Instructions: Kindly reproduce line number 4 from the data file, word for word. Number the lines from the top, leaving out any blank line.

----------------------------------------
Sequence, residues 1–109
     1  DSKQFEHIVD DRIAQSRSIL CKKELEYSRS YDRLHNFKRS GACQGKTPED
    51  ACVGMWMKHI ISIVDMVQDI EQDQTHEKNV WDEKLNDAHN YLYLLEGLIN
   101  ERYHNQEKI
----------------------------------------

   101  ERYHNQEKI